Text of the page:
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Date:	Mon, 9 Nov 2009 09:05:55 -0500
From:	Theodore Tso <tytso@....edu>
To:	Pavel Machek <pavel@....cz>
Cc:	david@...g.hm, Rik van Riel <riel@...hat.com>,
	Ric Wheeler <rwheeler@...hat.com>,
	Florian Weimer <fweimer@....de>,
	Goswin von Brederlow <goswin-v-b@....de>,
	Rob Landley <rob@...dley.net>,
	kernel list <linux-kernel@...r.kernel.org>,
	Andrew Morton <akpm@...l.org>, mtk.manpages@...il.com,
	rdunlap@...otime.net, linux-doc@...r.kernel.org,
	linux-ext4@...r.kernel.org, corbet@....net, jack@...e.cz
Subject: Re: periodic fsck was Re: [patch] ext2/3: document conditions when
	reliable operation is possible

On Mon, Nov 09, 2009 at 09:53:18AM +0100, Pavel Machek wrote:
> 
> Well, in SUSE11-or-so, distro stopped period fscks, silently :-(. I
> believed that it was really bad idea at that point, but because I
> could not find piece of documentation recommending them, I lost the
> argument.

It's an engineering trade-off.  If you have perfect memory that is
never has cosmic-ray hiccups, and hard drives that never write data to
the wrong place, etc. then you don't need periodic fsck's.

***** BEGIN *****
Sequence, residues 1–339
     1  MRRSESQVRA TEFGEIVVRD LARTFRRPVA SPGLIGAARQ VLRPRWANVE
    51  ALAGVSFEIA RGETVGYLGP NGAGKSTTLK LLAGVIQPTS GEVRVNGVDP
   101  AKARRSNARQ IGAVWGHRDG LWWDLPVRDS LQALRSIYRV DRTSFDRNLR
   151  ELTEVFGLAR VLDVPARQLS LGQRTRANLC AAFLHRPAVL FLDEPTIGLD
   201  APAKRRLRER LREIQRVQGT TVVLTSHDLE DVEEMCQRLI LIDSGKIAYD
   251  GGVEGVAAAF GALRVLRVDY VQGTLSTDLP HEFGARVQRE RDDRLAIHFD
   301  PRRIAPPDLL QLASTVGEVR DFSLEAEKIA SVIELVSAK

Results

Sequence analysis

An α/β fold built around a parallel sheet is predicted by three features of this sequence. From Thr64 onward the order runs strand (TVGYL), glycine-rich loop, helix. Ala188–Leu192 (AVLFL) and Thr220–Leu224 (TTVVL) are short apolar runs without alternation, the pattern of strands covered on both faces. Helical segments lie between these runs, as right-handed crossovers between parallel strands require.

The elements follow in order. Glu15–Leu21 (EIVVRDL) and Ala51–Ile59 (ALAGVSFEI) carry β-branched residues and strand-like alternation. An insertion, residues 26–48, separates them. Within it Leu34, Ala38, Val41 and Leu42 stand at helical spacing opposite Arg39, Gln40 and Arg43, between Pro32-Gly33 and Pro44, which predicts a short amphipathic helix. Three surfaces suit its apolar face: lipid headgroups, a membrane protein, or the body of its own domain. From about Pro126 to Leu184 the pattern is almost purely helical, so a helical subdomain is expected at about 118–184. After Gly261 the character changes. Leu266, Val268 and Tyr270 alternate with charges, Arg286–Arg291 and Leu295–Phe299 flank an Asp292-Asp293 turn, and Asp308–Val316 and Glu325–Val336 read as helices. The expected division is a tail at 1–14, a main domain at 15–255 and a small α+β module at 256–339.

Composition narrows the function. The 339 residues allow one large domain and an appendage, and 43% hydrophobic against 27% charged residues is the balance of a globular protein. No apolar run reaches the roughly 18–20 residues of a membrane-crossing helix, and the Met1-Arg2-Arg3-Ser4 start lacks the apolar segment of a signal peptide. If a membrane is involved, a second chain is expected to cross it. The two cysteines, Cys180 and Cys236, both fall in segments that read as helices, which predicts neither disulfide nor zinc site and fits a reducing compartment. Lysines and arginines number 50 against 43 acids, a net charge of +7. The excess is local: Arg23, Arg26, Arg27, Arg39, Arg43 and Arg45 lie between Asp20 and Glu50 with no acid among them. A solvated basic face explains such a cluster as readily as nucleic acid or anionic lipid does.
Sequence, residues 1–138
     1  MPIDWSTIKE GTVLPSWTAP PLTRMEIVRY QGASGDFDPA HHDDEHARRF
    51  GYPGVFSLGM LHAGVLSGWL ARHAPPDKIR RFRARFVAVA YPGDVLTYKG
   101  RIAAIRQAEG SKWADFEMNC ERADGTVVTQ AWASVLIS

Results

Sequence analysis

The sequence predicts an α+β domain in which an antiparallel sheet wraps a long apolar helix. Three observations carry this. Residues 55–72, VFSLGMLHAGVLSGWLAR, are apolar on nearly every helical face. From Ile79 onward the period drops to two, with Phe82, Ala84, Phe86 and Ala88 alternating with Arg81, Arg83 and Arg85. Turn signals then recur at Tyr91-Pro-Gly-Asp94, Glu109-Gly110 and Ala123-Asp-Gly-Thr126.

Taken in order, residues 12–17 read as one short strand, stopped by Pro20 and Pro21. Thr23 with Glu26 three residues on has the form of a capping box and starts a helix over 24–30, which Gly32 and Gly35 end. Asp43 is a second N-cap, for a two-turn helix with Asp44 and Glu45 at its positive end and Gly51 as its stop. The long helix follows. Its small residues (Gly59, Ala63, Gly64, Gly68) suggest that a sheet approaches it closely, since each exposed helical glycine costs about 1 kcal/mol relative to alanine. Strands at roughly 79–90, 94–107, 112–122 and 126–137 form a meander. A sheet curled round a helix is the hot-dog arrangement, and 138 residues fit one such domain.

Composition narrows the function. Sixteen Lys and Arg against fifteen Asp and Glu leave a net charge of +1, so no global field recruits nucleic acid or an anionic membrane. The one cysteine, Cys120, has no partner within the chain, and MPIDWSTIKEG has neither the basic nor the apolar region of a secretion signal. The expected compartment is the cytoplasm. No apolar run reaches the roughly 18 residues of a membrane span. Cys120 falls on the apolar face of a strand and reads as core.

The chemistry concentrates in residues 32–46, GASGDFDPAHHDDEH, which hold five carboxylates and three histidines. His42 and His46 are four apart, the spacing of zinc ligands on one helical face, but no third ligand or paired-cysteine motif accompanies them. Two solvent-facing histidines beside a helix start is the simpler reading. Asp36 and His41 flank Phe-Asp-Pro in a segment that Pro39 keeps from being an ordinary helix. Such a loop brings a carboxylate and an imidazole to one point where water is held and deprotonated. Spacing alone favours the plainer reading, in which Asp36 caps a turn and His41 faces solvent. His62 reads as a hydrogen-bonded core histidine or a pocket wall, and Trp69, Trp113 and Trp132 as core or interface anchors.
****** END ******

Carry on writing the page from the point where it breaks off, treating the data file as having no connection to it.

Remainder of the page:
If you do have imperfect hardware, the question then is how imperfect
your hardware is, and how frequently it introduces errors.  If you
check too frequently, though, users get upset, especially when it
happens at the most inconvenient time (when you're trying to recover
from unscheduled downtime by rebooting); if you check too infrequently
then it doesn't help you too much since too much data gets damaged
before fsck notices.

So these days, what I strongly recommend is that people use LVM
snapshots, and schedule weekly checks during some low usage period
(i.e., 3am on Saturdays), using something like the e2croncheck shell
script.

						- Ted
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